Fostering Insecure Livelihoods

Dowry and female seclusion are aspects of a system of property regulation that restrict women's ability to directly own and control property. In this context, it is hardly surprising that agrarian reform has reproduced female disadvantage in property rights and accentuated female seclusion linked to social mobility. The author examines substantial gender disparity in property rights over land, rising levels of dowry and the constraints women face in taking up paid work, etc, which pose serious questions for the livelihood security of poor women in Kerala and West Bengal.

Feminisation of Agriculture and Marginalisation of Their Economic Stake

The government as well as international organisations have implemented many programmes aimed at rural women. But actually their programmes do not touch upon the issues related to women's higher income work opportunities, upward economic mobility, rights such as equal wages for equal work and property rights. This article analyses the declining economic stake of women in agriculture in spite of their increasing contribution.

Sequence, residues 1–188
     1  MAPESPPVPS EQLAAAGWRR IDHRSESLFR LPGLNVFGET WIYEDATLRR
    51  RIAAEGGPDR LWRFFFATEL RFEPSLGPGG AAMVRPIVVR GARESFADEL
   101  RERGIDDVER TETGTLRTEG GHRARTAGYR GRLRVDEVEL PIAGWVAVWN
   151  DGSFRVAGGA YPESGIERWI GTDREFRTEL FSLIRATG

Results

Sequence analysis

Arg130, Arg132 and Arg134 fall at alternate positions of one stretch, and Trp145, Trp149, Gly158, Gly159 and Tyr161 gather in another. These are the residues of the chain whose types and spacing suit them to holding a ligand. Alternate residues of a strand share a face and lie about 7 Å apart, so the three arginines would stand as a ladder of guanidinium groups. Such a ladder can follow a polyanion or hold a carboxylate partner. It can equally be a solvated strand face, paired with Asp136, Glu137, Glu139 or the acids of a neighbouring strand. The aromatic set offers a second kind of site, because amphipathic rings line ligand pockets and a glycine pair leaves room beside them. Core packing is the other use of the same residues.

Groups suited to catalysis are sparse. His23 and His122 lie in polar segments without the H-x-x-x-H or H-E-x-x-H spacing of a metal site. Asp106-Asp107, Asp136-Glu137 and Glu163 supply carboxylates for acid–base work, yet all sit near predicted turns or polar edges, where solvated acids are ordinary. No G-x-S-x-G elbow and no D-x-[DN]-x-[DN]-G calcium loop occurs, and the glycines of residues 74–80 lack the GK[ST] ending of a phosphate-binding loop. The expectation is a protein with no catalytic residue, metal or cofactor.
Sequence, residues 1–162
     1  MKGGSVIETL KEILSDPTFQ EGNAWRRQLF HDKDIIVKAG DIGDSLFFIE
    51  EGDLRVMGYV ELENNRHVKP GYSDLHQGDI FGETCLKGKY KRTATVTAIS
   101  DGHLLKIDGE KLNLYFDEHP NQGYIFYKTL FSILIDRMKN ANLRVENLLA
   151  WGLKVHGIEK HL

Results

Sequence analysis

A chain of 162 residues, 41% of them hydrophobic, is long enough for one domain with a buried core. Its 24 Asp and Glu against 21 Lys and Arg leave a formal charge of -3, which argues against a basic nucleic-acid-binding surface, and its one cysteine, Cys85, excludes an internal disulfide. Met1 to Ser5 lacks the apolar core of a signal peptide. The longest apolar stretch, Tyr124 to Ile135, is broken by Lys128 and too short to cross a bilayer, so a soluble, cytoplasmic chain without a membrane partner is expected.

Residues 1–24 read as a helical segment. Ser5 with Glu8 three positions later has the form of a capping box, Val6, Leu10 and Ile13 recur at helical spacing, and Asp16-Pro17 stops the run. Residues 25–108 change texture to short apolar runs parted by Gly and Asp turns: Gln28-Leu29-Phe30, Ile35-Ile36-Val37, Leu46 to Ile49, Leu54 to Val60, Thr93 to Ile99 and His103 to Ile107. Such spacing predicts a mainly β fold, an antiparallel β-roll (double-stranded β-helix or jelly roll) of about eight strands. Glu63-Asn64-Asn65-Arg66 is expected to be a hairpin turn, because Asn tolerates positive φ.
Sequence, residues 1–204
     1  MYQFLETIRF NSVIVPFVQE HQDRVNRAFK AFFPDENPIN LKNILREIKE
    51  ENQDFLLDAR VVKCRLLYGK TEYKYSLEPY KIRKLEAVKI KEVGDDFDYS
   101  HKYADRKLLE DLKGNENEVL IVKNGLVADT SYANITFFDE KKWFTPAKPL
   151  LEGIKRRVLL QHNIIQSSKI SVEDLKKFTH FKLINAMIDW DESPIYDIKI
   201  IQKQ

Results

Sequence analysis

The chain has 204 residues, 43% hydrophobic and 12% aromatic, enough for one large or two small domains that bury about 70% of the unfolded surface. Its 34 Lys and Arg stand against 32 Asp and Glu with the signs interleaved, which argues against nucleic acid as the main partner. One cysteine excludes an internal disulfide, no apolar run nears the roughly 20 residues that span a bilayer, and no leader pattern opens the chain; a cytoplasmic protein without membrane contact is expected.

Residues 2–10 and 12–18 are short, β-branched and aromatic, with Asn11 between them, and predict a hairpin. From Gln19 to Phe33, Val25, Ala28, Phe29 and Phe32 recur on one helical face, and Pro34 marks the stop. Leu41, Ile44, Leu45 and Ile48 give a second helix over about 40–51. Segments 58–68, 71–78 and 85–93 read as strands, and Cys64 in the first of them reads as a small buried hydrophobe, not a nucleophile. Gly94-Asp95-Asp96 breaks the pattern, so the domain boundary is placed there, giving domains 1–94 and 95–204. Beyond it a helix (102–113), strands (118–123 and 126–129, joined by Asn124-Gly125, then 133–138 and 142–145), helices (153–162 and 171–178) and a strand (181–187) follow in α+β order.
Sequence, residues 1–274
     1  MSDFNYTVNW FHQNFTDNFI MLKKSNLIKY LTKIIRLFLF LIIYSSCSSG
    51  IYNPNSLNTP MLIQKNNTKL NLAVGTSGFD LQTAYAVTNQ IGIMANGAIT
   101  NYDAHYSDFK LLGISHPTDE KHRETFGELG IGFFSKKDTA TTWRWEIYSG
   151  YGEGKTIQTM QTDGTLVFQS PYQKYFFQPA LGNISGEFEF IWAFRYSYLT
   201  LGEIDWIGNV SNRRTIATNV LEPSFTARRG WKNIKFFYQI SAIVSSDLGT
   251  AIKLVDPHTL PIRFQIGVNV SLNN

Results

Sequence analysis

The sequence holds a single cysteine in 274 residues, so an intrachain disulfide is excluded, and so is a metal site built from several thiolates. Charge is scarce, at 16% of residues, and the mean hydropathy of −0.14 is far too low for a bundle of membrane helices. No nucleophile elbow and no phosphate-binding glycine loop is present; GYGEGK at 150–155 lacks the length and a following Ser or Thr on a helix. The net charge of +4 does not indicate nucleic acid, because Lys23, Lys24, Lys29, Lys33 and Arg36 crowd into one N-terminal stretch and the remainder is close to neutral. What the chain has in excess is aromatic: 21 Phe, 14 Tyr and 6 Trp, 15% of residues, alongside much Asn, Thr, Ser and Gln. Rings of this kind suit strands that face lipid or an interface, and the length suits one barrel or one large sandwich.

Food Security: How and For Whom?

Food security is contingent on three parameters - availability, accessibility and affordability. While availability and accessibility relate to production and distribution, the question of affordability is linked to Amartya Sen's concepts of 'endowment' and 'exchange entitlements', that is, the resources at one's disposal that determines one's capacity to buy food. The papers in this collection on gender and food security deal precisely with this problem of endowment and exchange entitlement, especially with regard to women. They seek to draw attention to the resources, mainly employment, available to women for procuring food. However, apart from inadequate opportunities for wage labour, lack of command over productive resources acts as a major constraint on those women who do undertake farming for the household. Participation in the production of food, moreover, does not guarantee commensurate returns. All the papers deal with rice farming, but they are illustrative of the general situation regarding food security among poor women and point to the urgency of public measures for the protection of this vulnerable section.